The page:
Presentations will begin on November
Here is the description in the
undergraduate calendar: Minkowski space,
Lorentz metric, Maxwell's equations, General
Relativity, geodesics, curvature, black hole
geometries and other selected topics.
To learn the basic geometrical ideas developed over the centuries in the quest to understand the physical world that surrounds us. Students are responsible for reading the relevant material from the textbook and the reference books on their own (that's known as experiential learning) in preparation for the lectures. The five assignments, which are mainly mathematical in nature form an integral part of the course. Students will also be asked to do a presentation (during the last 4 weeks) on material that is related to the course chosen and approved by the instructor
BOOK: "An Introduction to General
Relativity" by L.P. Hughston and K.P. Tod, Cambridge
Book (fun to read): "The
Road to Reality", a complete
guide to the laws of the universe by
Sir Roger Penrose, Vintage Books (2005).
Another fun book to read: "Flatterland" by Ian Stewart, which is a modern sequel to the classic Victorian book "Flatland" by Edwin Abbott Abbott (no typo!)
If you prefer "older books" (like me), then here are three books that I read in the 70's when I was a student in Germany:
there are a lot of newer books available. R. Wald, B. Schutz, J.
Hartle and S. Carroll come to my mind. I have read Wald and
Schultz but not Carroll's recent book (I can't afford it, too
expensive for me!)
Schedule of Topics (tentative)
You are expected to exhibit honesty and use ethical behaviour in all aspects of the learning process. Academic credentials you earn are rooted in principles of honesty and academic integrity. Academic dishonesty is to knowingly act or fail to act in a way that results or could result in unearned academic credit or advantage. This behaviour can result in serious consequences, e.g. the grade of zero on an assignment, loss of credit with a notation on the transcript (notation reads: “Grade of F assigned for academic dishonesty”), and/or suspension or expulsion from the university. It is your responsibility to understand what constitutes academic dishonesty. For information on the various types of academic dishonesty please refer to the Academic Integrity Policy, located at http://www.mcmaster.ca/academicintegrity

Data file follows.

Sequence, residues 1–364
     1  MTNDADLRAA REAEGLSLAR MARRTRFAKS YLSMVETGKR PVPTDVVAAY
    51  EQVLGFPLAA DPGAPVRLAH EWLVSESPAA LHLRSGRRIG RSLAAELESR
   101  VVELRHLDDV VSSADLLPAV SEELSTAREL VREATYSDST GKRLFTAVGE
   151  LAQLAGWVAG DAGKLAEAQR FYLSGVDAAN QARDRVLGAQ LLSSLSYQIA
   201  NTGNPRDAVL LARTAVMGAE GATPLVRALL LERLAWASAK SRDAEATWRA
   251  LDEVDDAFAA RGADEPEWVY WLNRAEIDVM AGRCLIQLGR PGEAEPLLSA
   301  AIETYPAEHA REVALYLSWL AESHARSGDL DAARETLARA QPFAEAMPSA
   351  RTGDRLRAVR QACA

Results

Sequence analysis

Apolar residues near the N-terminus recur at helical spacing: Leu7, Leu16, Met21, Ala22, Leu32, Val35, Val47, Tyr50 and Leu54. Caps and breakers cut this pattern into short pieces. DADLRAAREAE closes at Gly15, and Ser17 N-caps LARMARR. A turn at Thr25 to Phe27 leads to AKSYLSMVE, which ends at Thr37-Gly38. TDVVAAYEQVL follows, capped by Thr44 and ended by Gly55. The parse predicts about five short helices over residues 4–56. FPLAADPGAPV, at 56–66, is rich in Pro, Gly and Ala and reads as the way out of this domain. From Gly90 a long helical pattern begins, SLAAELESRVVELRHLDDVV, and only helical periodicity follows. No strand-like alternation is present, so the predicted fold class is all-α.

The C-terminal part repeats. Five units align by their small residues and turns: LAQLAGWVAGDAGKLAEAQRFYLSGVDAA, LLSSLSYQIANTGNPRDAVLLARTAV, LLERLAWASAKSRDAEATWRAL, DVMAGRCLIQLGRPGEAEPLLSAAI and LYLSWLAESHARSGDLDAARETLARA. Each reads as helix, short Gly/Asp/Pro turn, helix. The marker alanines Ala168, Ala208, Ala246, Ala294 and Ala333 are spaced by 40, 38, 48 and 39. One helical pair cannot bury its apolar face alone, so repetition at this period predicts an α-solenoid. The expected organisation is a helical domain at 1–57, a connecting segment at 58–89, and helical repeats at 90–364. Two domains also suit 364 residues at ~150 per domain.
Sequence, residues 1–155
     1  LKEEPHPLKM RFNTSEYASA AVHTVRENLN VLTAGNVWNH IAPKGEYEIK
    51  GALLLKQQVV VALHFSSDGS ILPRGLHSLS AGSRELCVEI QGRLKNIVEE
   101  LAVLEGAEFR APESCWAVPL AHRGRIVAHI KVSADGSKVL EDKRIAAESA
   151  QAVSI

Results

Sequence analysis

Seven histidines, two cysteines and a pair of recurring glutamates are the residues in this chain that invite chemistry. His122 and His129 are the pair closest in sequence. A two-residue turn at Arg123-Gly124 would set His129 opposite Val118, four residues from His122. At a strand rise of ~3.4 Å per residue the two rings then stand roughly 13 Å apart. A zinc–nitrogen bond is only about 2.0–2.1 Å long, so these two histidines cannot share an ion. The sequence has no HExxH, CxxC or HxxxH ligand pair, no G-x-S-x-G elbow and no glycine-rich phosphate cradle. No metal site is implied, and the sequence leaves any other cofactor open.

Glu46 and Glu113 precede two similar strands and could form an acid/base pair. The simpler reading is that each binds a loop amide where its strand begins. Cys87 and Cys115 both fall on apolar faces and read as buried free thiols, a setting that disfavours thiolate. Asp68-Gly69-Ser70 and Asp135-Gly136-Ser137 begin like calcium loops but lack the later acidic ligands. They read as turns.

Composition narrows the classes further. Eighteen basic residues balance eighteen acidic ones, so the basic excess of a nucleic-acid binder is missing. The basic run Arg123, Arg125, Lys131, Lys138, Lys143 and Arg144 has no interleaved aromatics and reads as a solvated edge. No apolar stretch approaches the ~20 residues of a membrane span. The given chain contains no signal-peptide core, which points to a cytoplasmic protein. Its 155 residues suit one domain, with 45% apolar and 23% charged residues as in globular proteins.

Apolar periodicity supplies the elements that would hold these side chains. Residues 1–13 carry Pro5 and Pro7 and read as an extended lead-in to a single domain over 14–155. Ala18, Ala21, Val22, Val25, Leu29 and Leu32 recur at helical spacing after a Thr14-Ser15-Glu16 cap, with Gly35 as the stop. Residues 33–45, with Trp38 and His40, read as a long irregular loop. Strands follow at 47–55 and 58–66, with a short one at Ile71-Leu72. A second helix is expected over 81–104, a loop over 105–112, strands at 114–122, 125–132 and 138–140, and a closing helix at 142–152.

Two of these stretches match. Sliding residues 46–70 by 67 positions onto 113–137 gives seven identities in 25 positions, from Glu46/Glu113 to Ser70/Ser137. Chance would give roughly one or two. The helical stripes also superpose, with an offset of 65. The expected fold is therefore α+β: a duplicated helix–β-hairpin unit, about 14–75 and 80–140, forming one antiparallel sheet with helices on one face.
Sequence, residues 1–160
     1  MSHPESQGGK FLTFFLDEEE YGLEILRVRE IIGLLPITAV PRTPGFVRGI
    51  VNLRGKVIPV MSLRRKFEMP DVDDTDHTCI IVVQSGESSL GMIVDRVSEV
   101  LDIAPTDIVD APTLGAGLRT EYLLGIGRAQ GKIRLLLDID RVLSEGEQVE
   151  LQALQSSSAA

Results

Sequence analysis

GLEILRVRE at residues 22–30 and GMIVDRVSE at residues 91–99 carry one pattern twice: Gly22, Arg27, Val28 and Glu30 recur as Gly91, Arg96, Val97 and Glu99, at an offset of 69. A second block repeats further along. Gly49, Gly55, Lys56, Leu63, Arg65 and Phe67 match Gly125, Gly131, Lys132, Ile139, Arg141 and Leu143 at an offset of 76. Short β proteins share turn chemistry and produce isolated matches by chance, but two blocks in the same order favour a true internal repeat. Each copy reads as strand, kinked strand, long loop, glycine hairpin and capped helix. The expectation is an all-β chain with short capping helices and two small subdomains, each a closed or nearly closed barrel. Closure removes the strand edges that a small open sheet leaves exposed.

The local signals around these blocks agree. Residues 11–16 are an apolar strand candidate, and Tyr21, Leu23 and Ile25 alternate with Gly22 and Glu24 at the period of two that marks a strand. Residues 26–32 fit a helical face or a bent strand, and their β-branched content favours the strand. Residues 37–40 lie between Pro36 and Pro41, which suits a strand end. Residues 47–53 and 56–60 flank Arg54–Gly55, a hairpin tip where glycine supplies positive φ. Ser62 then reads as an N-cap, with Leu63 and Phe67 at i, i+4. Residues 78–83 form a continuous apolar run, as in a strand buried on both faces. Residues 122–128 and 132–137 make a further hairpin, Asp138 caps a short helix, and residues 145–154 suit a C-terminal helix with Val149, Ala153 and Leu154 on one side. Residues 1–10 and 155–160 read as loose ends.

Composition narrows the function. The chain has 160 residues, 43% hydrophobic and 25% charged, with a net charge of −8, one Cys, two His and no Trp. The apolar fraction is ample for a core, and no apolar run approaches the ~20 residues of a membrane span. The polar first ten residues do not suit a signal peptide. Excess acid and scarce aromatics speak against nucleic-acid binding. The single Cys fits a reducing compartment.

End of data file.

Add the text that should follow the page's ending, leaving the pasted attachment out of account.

The following illustrates only three forms of academic dishonesty:
1. Plagiarism, e.g. the submission of work that is not one’s own or for which other credit has been obtained.
2. Improper collaboration in group work.
3. Copying or using unauthorized aids in tests and examinations.
When using the MSAF, also report your
absence to me (the course instructor M. Min-Oo) within
2 working days by email (firstname.lastname@example.org) and
contact me in person to learn what relief may be
granted for the work you have missed, and relevant
details such as revised deadlines, or time and
location of a make-up exam. Please note that the MSAF
may not be used for term work worth 30% or more, nor
can it be used for the final examination. Please refer
for the exact rules
Only the standard McMaster calculator Casio fx 991MS+ can be used for the tests and the final examination.
The instructor and the university reserve the right to modify or revise information contained in this course during the term. The university may change the dates and deadlines for any or all courses in extreme circumstances. If either type of modification or revision becomes necessary, reasonable notice and communication with the students will be given with explanation and the opportunity to comment on changes. It is the responsibility of the student to check their McMaster email and course websites weekly during the term and to note any changes.